The following is from a post I made several months ago in a Facebook group I started. I founded the ebook company ElectricStory.com and have run it for fourteen years, publishing a few top authors in fantasy and science fiction, so I have a little experience.
As some of you know, a major author who was a close friend of mine died the other week. I followed his last sixteen years closely, since we did business together and talked on average several times a week, often several times a day. He was obsessively committed to his work. I saw how he lived and how he declined and died, and while I think he created many of his own problems, there’s no escaping the conclusion that this is a rough profession, even, maybe especially, for the very best authors.
You really have to ask yourself what you want from writing. Basing your self-worth on the reception of your work is stupid. Maybe that’s the only way for some to gain the motivation to produce timeless art, but it’s still very, very stupid.
It’s comparably stupid to deceive yourself about what success means to you personally. My friend achieved a measure of success, not so much because he won the Hugo, Nebula, World Fantasy, International Horror Guild, Locus, Eisner, Gran Prix de la Imaginaire, and National Magazine Awards — honors he dismissed as “bowling trophies” — but because he managed to invent a romantic persona for himself that he could half-believe in, one at odds with the very flawed, absurd person he truly was, much like we all are. Writing was his escape, to the extent he was capable of escape.
So what’s this got to do with publishing? There was a time that ended not long ago when you really couldn’t self-publish. It took too much work and capital. Now you can self-publish in ebooks, on blogs, even in print through POD with minimal investment. You can publish your friends; they can publish you. You don’t even have to be any good to exercise this prerogative.
The kind of persona that my friend cultivated for himself is a relic, the writer laboring in private, having his work — his sole conduit to his readers — emerge months or years after completion. That’s still a way to be a writer, if it works for you. Just like you can ride a horse to town. Horses still exist, and believe it or not, they’re considered vehicles in many places and are legal on public roads. You could dress up in armor and ride a horse into town, and if that’s the way you want to behave, then go for it.
As publishing truly changes, you’ll notice less and less buzz about it. Last to change will be writers and their irrational attitudes about their craft. And the egos — God, the tiresome, bloated egos.
Let’s posit a Joe Midlist. (My friend was not a Joe Midlist, because he won major awards and was flown to conventions around the world; also, writing on the literary side of the fantasy and science fiction spectrum, he probably made less than Joe Midlist.) Joe Midlist is a dying breed. He’s not a one-in-a-million writer, only one in ten thousand or so. Over the course of his life he’s made as much money as a solid blue-collar worker with a high-school equivalency diploma, notwithstanding his college degree. He had the IQ to make a lot more money than that, but he wanted to be a writer. Back in Joe’s heyday, it was understood by insiders that if you had some talent and were persistent, you’d eventually make some money. You might have a ten-year apprenticeship that would be really rough, but there were only a handful of serious paying markets, and talent and persistence would eventually get you noticed. Unless you were hopeless, you’d probably sell a few pieces merely because editors took pity on you.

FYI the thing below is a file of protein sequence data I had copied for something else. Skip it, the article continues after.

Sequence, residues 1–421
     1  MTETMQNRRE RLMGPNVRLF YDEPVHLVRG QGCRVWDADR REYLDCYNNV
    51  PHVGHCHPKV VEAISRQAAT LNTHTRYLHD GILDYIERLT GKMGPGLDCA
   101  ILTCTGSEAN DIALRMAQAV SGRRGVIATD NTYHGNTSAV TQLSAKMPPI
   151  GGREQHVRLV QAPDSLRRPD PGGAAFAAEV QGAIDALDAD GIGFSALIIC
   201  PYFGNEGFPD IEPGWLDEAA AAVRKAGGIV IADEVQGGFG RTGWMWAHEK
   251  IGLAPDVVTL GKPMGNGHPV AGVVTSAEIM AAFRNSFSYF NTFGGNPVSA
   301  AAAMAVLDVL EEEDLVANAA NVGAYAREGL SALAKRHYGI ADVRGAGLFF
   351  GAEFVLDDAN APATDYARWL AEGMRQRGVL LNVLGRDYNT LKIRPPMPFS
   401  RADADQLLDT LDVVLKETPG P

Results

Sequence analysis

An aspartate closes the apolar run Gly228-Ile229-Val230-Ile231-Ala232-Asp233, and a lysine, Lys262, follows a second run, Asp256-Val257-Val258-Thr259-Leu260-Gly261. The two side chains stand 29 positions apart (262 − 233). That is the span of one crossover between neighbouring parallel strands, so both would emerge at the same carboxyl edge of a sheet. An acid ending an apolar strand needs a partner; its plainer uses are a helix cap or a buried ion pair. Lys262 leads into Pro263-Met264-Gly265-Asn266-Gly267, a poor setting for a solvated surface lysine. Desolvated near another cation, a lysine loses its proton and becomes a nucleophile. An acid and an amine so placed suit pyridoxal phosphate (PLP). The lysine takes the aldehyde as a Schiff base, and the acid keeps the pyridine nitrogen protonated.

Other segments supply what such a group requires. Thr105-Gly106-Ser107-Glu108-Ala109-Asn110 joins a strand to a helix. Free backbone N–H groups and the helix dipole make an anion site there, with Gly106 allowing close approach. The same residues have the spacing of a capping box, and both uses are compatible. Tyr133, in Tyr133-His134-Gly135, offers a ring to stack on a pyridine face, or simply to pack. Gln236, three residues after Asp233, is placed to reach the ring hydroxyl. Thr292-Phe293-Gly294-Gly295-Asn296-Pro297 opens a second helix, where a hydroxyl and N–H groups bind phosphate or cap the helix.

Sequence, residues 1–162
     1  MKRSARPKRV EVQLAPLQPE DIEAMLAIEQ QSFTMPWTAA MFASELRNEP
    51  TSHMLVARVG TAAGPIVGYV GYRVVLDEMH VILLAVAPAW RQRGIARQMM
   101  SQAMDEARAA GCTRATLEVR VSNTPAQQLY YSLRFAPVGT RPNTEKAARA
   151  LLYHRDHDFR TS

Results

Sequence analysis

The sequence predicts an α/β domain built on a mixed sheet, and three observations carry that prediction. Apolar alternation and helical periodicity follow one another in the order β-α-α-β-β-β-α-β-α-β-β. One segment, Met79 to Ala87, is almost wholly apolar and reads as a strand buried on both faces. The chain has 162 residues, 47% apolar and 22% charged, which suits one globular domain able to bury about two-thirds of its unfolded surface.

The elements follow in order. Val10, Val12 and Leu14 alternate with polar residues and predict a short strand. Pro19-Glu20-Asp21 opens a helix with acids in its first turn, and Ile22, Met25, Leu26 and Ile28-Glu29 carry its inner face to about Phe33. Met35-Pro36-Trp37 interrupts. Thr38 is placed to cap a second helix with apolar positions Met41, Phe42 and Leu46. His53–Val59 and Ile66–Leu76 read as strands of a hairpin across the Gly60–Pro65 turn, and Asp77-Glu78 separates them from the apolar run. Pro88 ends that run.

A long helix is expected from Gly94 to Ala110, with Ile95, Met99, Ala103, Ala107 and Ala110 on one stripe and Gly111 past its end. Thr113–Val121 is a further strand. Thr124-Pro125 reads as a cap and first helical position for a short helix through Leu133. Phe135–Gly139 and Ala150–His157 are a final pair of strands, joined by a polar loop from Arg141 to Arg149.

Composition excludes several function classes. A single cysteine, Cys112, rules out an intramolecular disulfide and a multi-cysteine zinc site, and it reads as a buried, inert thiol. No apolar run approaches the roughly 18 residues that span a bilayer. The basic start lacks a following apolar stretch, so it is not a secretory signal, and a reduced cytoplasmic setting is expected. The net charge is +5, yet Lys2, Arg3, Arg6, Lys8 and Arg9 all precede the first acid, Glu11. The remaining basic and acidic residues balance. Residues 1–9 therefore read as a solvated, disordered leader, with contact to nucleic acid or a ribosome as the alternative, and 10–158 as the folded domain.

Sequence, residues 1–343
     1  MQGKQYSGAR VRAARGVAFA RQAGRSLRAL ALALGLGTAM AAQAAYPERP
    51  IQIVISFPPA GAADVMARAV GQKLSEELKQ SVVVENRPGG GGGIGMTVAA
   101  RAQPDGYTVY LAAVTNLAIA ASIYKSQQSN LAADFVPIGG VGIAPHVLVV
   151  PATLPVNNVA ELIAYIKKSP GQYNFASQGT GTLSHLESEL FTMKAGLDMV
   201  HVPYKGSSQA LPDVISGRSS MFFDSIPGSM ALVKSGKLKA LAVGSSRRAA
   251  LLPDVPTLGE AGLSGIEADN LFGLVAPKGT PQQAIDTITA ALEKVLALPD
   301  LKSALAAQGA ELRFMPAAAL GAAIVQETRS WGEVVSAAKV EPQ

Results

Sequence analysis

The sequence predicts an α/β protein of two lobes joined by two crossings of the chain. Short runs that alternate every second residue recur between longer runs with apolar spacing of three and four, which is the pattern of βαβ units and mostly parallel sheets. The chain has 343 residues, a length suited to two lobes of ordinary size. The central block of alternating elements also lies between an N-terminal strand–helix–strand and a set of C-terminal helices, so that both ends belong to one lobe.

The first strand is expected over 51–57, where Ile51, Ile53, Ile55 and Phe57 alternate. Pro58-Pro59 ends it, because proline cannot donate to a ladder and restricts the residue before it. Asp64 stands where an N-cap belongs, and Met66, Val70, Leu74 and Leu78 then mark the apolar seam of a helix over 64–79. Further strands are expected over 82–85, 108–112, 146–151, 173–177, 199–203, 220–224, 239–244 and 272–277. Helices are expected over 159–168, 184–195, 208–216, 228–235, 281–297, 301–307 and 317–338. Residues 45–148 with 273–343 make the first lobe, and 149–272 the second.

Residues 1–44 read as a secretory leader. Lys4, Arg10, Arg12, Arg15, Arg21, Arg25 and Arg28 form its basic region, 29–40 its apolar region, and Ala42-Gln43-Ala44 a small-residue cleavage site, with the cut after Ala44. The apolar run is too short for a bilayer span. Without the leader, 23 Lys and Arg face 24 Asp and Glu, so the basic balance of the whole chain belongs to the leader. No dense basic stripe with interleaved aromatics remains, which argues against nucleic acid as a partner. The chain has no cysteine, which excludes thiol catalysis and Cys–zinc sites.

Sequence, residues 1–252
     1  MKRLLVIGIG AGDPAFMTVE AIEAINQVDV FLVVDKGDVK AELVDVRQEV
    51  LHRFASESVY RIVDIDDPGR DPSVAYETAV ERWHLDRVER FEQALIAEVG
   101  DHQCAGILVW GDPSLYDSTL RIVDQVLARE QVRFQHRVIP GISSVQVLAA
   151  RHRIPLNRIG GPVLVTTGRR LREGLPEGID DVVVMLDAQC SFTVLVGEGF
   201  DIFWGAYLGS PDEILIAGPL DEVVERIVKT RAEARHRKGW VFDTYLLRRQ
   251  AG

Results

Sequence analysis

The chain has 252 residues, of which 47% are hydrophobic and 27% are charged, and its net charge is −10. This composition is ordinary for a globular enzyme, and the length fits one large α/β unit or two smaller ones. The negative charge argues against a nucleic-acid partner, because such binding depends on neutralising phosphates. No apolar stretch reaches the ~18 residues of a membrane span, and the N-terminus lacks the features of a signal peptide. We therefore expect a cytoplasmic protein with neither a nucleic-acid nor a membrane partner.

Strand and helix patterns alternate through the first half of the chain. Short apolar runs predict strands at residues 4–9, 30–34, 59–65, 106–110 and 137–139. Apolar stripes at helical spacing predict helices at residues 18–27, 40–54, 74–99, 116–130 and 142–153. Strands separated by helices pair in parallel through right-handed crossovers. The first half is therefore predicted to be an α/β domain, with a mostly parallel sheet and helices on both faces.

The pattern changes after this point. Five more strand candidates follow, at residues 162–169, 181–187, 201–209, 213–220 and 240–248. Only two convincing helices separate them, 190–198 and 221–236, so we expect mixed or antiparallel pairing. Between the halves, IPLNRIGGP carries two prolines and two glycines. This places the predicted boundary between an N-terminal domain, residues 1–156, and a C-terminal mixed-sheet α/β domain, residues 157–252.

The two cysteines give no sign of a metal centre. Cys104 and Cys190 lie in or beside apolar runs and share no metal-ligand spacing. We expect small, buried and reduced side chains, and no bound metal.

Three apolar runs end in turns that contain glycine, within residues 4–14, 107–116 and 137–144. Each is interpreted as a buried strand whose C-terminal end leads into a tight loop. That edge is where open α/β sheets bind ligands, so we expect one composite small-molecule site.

Now the situation is both better and worse. The same markets exist for a Joe Midlist, but their word rates and advances haven’t kept pace with inflation. They’re stuck at a time when a three-bedroom rambler cost ten grand. Of course, it’s still prestigious to hit those markets. That prestige can be parlayed into teaching gigs and guest-of-honor appearances, and maybe even a little Hollywood script-doctoring work that wouldn’t have passed Joe’s transom if his books had never shown up in a mall store (of course, they’re not there now, not most of them anyway).
What’s clearly better is that Joe Midlist can now publish his backlist himself and make an extra hundred or two a month, because he’s got an established audience. Of course, he probably won’t. He’s getting tired, and his friends only respect print from a major house, and the publishers are offering to put out all his backlist in actual paper in exchange for the e-rights, which is what they really want. But hey, in the old days, he wouldn’t have gotten a dime. His OOP stuff would have been read only through the remainder and used-book channels.
It doesn’t make sense to aspire to be Joe Midlist anymore, and he was a winner, a major winner, and if writing appeals to you and you look down on him, then you are a fool. Nowadays, I really don’t know what makes sense, but writing for joy and then self-publishing or co-op publishing is probably as good a way as any. And having another job is probably a good idea too.